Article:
Office Party Etiquette Do’s and Don’ts
It’s that time of year again. The time when companies host holiday parties and at least one co-worker will forget all sense of decorum and will act inappropriately. Make sure that person isn’t you by following a few simple guidelines for appropriate office party etiquette.
Behavior can get so wacky at company outings and parties that The Creative Group did a survey of more than 750 marketing and advertising executives to ask them what outrageous acts they’d seen from co-workers. Responses include catching an employee going through the desks while his colleagues were at the party, another coworker decided to load up his car with food from the party, and yet another person opted to bring all their relatives with them to the office gathering.
So, never assume that everyone knows how to behave. But to make sure that you do, here are a few do’s and don’ts:
Here are the Do’s
Do RSVP and Show Up
Mentally and physically. You don't want the be the co-worker missing from all the photos or the "you had to be there" jokes. Engage in the opportunity to let your hair down and discuss things of interest to you and your colleagues and leave work conversations at the door.
Do Dress for the Occasion
Yes, it is a party but do not wear anything too short, too tight or too revealing. Adorn yourself in something chic and professional with an air of holiday flair that is flattering and age appropriate. Save the “low and behold necklines” for date night.
Do Monitor Alcohol Intake
Drink modestly, if at all. Don't let the open bar get the best of you. Alcohol is a depressant and tends to lower inhibitions and loosen tongues. Too much alcohol usually leads to making unwanted advances, telling your boss what you really think about his last idea, or twerking on the dance floor. No one needs to see that.
Do Buy a Thoughtful Gift
If your company does a gift exchange, unless there is a gag gift standard being endorsed by your company, keep the gift thoughtful. Is it something you would want to receive? There are many small, inexpensive, thoughtful gifts in a low price range.
Do Act Grateful
Verbally thank the host of the event. It is the proper thing to do. These continue to be difficult economic times for most companies and a company holiday party is not a given. A follow-up handwritten thank you note will set you apart from your colleagues. And if the party is not your cup of tea, don’t use any form of social media to complain or comment about it – or anyone who was at the party. It shows bad judgment because nothing is private these days.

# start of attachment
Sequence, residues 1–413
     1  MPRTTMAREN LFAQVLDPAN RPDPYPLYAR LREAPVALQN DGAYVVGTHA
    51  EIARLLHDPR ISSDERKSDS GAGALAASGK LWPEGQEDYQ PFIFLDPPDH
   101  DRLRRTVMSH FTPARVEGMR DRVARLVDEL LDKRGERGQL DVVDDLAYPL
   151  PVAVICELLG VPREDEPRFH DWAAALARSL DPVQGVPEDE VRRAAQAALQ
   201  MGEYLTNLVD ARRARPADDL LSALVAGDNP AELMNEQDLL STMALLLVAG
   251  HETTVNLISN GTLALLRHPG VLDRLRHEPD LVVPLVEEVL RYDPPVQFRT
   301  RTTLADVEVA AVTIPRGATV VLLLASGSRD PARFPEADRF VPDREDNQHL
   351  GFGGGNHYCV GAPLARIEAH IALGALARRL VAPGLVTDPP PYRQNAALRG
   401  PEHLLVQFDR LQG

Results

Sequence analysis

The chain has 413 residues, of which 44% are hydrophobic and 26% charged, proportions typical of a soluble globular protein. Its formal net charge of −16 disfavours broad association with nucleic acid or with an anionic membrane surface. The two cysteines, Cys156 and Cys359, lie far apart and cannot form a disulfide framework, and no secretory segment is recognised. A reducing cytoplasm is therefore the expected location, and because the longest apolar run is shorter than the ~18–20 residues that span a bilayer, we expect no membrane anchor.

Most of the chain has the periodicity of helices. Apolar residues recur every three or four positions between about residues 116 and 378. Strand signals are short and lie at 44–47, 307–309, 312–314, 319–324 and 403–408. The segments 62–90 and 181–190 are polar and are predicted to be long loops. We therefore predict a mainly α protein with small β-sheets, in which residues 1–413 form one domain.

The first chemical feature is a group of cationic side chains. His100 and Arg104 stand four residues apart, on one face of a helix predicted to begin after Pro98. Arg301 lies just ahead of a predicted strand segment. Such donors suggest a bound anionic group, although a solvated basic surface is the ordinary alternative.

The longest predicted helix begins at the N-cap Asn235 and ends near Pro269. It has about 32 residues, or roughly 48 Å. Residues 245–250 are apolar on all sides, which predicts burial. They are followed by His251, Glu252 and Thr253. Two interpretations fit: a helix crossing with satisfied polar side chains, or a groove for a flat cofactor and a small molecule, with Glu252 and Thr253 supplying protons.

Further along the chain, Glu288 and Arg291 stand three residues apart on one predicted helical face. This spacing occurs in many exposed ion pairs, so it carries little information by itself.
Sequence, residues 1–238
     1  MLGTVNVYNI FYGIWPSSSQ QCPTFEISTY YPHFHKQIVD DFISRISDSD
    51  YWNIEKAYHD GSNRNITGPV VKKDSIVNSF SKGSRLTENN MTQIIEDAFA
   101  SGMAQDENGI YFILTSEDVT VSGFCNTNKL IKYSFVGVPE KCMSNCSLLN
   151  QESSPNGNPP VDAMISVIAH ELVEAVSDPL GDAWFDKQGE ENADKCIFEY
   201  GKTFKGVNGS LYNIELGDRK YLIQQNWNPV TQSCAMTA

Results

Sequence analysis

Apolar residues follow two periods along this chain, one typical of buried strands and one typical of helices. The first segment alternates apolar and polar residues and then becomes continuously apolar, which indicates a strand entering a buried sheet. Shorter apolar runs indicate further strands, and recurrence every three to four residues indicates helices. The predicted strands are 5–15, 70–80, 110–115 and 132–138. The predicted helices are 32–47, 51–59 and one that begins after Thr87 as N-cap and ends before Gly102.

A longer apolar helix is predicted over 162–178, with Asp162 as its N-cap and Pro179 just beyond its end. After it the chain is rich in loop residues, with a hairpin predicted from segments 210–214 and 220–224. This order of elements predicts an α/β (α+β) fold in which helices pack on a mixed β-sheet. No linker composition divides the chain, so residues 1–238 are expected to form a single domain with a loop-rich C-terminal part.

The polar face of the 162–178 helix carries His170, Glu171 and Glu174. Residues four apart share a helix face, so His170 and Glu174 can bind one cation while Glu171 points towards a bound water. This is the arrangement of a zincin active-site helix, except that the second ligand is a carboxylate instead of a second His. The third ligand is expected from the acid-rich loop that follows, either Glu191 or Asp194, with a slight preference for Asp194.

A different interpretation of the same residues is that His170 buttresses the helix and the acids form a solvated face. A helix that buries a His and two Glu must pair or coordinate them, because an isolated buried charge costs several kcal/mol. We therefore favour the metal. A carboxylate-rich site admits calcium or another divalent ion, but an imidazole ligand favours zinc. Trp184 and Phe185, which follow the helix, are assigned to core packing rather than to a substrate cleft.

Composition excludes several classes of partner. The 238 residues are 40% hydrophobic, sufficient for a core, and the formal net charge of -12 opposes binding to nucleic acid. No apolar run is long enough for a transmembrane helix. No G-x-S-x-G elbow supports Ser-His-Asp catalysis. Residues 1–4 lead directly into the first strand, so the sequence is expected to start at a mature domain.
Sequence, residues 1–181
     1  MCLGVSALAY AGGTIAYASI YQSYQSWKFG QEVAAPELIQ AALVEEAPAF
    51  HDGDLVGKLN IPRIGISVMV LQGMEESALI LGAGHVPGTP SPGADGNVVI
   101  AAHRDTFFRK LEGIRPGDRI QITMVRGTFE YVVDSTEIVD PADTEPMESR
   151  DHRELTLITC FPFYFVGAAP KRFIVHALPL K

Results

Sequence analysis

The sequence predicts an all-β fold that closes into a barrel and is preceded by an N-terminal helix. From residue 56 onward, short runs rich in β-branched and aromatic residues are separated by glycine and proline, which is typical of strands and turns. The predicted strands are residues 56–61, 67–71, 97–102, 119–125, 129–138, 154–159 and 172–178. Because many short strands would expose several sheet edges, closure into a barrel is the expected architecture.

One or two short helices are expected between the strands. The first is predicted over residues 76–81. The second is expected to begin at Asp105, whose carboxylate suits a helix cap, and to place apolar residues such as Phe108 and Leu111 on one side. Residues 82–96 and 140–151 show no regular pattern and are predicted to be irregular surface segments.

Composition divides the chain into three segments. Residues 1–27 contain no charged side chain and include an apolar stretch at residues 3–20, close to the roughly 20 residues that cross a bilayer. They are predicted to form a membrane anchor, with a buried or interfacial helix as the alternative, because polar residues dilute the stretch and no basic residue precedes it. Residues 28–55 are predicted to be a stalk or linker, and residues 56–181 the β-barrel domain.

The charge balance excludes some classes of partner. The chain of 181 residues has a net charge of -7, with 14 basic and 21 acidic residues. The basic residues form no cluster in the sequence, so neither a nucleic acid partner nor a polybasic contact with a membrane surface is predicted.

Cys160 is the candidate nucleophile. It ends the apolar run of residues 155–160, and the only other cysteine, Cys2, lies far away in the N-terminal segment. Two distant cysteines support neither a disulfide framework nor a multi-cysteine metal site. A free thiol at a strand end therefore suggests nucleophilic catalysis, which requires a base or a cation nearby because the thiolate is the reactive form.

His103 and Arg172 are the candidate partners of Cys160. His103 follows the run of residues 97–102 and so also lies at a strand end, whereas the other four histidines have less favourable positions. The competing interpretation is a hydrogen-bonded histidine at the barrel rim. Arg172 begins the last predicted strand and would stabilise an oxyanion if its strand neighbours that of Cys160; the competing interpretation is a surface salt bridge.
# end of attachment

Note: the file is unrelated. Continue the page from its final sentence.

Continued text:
Do Talk to the VIPs
Whether the party is your company party or a larger industry event, take the opportunity to talk to the VIPs in the room – the folks you would not typically talk with at other times. Just remember to have something interesting to say and don’t monopolize their time.
And the Don’ts:
Don’t Hook Up with Co-workers
Enough said. Don’t do it. This is career suicide.
Don’t Ask for a Raise
Don't ask for a raise or a promotion. Yes, this is a work-related event and yes, it is a good time to do some networking, but it is not the time to pitch the boss - or her boss - for a better position. Networking is getting to know your colleagues and superiors in a more casual way. Don’t spend the entire time mingling with only the people you know well. This is a great opportunity to meet new people in your organization, network and increase your professional circle for the coming year.
Don’t Gossip in the Bathroom
You never know who is in the stall next to you. Do not gossip in the ladies’ room.
Don’t Overindulge on Food
Do not make a beeline to the buffet when you arrive. Don’t pile your plate high with shrimp cocktail. Don’t stalk the servers passing food in the room. And don’t double-dip. Eat a little something before the party so you aren’t famished.
Don’t Talk Shop
Don't talk business the entire party. This is a time to get to know your co-workers on a more casual basis. Although light and fun, this is not the time to flirt and let your hair down too much, so make sure your conversation topics are appropriate.
Don’t Abandon Your Guest
If you bring a guest to the office party, don’t abandon them. Introduce your guest, include them in conversations, and if you do need to go off on your own to schmooze for a bit, circle back often. Others will notice your social skills.
Follow these tips and you can ring in the New Year with career confidence – and your job intact.
Sources: Laura Kozelouzek, founder and CEO of Quest Workspaces; Marcia King Gamble, marketing/sales manager for the non-profit Association for Retail Environments; Constance Hoffman, owner of Social and Business Graces; Jackie Jones, founder of Jones Coaching, LLC; Marvelously Well-Mannered, LLC